See the padlock in the top left of your search bar? As you likely already know, that means this page is encrypted – and a broken or unlatched padlock means the connection in unencrypted. Tech-savvy people will turn back if they see a broken padlock, as they know the webserver is visible to cybercriminals in plain text.
Encryption isn’t just important for websites. You can also implement email encryption for better security, and free email services like Gmail or Outlook.com usually have default configurations for this. However, email services can vary, so it's worth learning more about this critical mechanism underpinning most cybersecurity controls in use today.
TLS briefly defined
In 2017, Google made it mandatory for website owners to install and use secure socket layers (SSL) on their websites, with non-compliance penalties taking the form of a security warning alerting visitors of the insecure connection (for example, the broken or unlatched padlock). This action is more of a Google public service announcement than a punitive measure against the website owner.
Fast forward to the present, and most people know enough to proceed with caution. Today, the SSL acronym that had become almost synonymous with web security has been replaced by its successor, the transport layer security (TLS) protocol.
Understanding TLS email encryption
The longstanding design flaw of email is that security and privacy weren't necessarily "baked-in" to the technology, aside from username and password authentication. A browser prominently displaying a broken red padlock is one thing; email users rarely receive such cues.
That means an email sender's message was open to anyone's viewing while in transit — whether at the coffee shop hotspot where the email originated, on the internet service provider's (ISP) servers, or somewhere on the internet backbone transiting the world to its final destination.
That's where SSL and its successor TLS come in. Today, the latter is the standard for secure email, and all modern email providers and services support it. At the time of writing, the latest version of TLS is 1.3, though most email vendors support TLS 1.2. It's also worth noting that TLS emails are encrypted by default, but only if all parties use the new encryption protocol.
About the information encrypted by TLS
TLS works by encrypting internet traffic and protecting data as it moves between computers or devices—hence the "transport" in its name. The mechanism functions the same for email as it does for websites (like HTTPS), but all parties involved in the transaction must support the protocol for encryption to work.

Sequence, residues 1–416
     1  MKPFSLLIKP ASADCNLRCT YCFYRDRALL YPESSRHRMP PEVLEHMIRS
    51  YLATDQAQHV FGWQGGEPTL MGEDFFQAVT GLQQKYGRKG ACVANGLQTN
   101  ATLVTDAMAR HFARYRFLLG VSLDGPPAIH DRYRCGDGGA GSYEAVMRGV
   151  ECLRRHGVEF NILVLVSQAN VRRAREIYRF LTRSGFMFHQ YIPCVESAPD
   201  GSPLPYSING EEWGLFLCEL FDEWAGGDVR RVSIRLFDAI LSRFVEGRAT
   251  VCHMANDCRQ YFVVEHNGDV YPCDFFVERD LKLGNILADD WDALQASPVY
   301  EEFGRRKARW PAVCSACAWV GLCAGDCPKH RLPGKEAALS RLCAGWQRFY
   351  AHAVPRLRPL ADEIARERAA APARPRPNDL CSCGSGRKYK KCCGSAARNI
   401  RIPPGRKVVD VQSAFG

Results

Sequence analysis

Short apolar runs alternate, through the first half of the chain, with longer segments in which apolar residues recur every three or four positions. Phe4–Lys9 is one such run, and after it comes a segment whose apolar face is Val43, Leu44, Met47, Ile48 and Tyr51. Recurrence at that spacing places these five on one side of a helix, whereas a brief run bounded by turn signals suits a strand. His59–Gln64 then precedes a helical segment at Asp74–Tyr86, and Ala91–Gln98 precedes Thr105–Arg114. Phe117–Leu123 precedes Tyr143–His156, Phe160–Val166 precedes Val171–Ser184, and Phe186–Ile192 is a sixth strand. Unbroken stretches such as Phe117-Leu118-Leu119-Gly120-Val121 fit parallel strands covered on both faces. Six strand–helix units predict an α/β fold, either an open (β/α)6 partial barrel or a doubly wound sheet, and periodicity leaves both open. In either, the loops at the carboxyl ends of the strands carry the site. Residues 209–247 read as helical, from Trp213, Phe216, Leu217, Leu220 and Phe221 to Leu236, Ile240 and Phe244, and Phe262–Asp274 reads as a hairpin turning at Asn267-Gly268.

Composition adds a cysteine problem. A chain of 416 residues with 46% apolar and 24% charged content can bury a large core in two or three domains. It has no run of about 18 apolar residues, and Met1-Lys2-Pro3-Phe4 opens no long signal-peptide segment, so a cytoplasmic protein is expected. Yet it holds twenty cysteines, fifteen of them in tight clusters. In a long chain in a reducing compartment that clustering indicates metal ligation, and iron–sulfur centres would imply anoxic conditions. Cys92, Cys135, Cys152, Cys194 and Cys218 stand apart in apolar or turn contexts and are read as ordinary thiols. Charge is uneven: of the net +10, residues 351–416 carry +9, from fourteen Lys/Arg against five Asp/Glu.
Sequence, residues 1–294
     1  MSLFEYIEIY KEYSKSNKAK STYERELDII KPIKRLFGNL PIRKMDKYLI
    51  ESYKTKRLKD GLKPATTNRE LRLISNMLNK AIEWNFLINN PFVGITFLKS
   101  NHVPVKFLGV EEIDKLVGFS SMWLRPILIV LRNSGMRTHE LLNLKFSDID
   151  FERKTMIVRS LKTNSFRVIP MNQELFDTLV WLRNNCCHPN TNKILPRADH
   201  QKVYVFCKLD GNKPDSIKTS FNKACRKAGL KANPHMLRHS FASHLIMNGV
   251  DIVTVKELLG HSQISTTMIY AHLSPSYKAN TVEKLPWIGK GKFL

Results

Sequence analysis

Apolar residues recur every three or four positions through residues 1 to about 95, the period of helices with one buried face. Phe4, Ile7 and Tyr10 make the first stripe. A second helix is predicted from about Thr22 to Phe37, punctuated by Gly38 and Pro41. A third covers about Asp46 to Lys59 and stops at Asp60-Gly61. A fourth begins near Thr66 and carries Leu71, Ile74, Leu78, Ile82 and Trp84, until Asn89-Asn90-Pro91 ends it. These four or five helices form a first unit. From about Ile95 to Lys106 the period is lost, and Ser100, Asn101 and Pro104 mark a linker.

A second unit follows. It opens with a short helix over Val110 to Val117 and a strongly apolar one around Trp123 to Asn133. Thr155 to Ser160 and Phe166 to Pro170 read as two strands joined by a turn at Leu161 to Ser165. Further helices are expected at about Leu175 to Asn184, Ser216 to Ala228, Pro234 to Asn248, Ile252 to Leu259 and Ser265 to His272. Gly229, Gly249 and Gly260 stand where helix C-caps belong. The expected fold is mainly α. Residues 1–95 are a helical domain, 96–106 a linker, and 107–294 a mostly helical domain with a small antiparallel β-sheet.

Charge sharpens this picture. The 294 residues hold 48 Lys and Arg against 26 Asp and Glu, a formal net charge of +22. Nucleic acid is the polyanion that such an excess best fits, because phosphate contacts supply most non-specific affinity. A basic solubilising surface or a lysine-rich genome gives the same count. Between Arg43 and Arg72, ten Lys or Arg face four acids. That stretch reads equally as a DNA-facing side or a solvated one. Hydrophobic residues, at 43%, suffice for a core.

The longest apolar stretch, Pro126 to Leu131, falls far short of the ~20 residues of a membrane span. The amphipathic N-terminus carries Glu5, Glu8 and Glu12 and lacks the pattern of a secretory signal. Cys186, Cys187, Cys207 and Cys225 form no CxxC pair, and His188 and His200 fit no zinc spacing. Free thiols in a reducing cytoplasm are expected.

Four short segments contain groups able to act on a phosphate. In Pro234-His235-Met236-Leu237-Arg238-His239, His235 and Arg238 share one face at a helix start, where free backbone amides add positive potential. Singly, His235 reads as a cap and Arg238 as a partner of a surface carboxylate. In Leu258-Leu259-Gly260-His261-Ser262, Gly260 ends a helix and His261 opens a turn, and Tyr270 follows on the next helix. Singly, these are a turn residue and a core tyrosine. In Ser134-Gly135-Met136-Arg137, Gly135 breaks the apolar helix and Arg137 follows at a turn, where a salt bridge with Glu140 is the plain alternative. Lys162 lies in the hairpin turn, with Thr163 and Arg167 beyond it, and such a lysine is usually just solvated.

For example, TLS mitigates the risk of eavesdropping on an email as it passes between email servers, but only if they all have TLS enabled. If one server cannot support TLS, the encryption defaults to SSL, or email is sent unencrypted.
TLS is used for encrypting most of the internet—email, websites, VPN, and more. However, because the encryption protocol can significantly slow data transfer speeds, it isn't implemented in some situations e.g. video chat or gaming. That said, voice call encryption using TLS is increasingly common as more people are using the internet to make voice calls, like VoIP.
How to tell if an email is TLS encrypted
Unlike with a browser, the absence of TLS in email isn't as noticeable as a red, broken padlock in the address window. Users need to analyze their email headers and look for the TLS version used to encrypt the email.
That involves effort and some technical prowess. However, the information is readily accessible, as every sent email includes an audit trail of its trip. That audit trail could show where and (or) how it was transmitted, whether it was encrypted, and what encryption protocol and version were used.
Public email providers like Gmail tend to hide these details for the sake of usability. However, users can typically access them by selecting an option on the email message menu. For example, to view Gmail's email message headers, click on the button for the contextual menu (the ellipses or three vertical dots) and select "Show original."
Email using TLS
As mentioned previously, most if not all major email providers like Gmail and Outlook.com support TLS encryption. When in doubt, implementing Egress Prevent tells a user when TLS isn't correctly enabled and helps them encrypt email to ensure it is secure by:
- Making sure emails containing sensitive data are sent to the correct recipient
- Using message body analysis, scanning data inside attachments, and learning a user's data-sharing patterns
- Supporting smart device workflows from any location
- Creating ethical walls to restrict internal access
- Minimizing human-activated email threats
For now, TLS is the dominant encryption protocol for protecting email contents against prying eyes. However, you can expect newer technologies—or at minimum, newer versions—to replace it at some point.
Cybercriminals are constantly improving their tactics and discovering software vulnerabilities, so security tools and protocols are in a perpetual state of improvement (and catching up). While email remains the dominant communication method in business, malicious actors will always have lucrative targets to set their sights on.
Found this article helpful? Check out our dedicated email encryption hub for more.